President Donald Trump on Wednesday said that he has ordered the Federal Emergency Management Agency to cut off wildfire relief aid for fire-scorched California until state officials "get their act together" and do a better job of managing forests.
The President has since deleted the original tweet and reposted it with the proper spelling of "forest" - removing what Twitter users couldn't resist teasing was a reference to iconic 1994 Oscar-winning film starring Tom Hanks, Forrest Gump.
"Unless they get their act together, which is unlikely, I have ordered FEMA to send no more money", the president declared. "It is a disgraceful situation in lives and money!"
Critics on social media questioned whether Trump could legally withhold FEMA money that has already been appropriated.
FEMA is running on a thin staff because of the partial government shutdown.
California Governor Gavin Newsom, who was sworn in this week, was quick to fire back at Trump, tweeting that disaster and recovery periods are "no time for politics" and claiming he was "already taking action to modernize and manage our forests and emergency responses".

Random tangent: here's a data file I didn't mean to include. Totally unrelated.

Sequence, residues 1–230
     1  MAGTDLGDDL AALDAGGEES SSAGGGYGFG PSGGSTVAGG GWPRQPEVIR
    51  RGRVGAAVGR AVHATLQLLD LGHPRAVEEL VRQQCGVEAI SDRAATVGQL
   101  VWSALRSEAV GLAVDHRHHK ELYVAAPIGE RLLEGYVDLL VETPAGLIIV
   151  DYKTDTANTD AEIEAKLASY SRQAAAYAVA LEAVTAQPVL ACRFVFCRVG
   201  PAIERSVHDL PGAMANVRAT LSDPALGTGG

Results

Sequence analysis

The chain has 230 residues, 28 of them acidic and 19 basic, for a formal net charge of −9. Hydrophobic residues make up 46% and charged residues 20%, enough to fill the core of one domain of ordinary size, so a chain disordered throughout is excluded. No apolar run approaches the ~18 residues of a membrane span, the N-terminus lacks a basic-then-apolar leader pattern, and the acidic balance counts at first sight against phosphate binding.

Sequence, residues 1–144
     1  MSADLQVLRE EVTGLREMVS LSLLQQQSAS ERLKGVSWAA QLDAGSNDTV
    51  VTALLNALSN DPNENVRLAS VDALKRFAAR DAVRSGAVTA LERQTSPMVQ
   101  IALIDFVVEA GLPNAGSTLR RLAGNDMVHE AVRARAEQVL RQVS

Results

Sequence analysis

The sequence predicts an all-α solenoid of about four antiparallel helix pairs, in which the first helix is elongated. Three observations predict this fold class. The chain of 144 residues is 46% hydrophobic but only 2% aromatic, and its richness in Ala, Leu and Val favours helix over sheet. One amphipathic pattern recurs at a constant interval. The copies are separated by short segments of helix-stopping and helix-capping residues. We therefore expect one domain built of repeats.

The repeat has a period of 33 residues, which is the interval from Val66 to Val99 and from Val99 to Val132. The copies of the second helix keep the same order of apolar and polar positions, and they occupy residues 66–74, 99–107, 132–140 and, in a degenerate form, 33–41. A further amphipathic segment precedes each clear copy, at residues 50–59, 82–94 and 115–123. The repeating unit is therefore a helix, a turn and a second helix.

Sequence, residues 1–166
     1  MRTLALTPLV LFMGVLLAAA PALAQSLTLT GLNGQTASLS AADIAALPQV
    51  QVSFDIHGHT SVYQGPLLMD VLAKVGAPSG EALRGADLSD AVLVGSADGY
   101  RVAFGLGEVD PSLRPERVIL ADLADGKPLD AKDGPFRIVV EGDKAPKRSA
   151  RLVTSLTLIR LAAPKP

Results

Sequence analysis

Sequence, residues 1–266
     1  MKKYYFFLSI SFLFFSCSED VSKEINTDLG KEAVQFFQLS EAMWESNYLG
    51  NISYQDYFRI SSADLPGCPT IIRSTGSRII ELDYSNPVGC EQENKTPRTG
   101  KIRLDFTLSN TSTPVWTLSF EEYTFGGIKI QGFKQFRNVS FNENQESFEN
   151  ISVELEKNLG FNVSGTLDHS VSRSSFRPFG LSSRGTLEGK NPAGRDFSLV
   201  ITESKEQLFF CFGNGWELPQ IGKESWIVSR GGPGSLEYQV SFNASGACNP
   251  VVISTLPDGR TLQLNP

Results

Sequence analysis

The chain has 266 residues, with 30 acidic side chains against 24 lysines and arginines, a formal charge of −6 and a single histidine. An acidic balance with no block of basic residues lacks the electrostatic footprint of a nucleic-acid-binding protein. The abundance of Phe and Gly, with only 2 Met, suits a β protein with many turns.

However, Fugate said that federal law gives Trump the authority to determine whether to issue disaster declarations for future wildfires.
However, Newsom also took aim at Trump in his inauguration speech, saying he wanted to "offer an alternative to the corruption and incompetence in the White House".
Daryl Osby, the Los Angeles County Fire Chief, said in November: "We're in extreme climate change now".
California has suffered a series of increasingly massive, deadly blazes in the past two years that have destroyed homes and businesses and put burnt areas at a greater risk of mudslides.
Newsom also pitched an additional $105 million to help California prevent and battle wildfires.
Much of California's forests is federally managed or privately owned, putting them outside the state's authority to manage.
Writing on Twitter, Pelosi blasted Trump, saying his "threat insults the memory of scores of Americans who perished in wildfires past year & thousands more who lost their homes".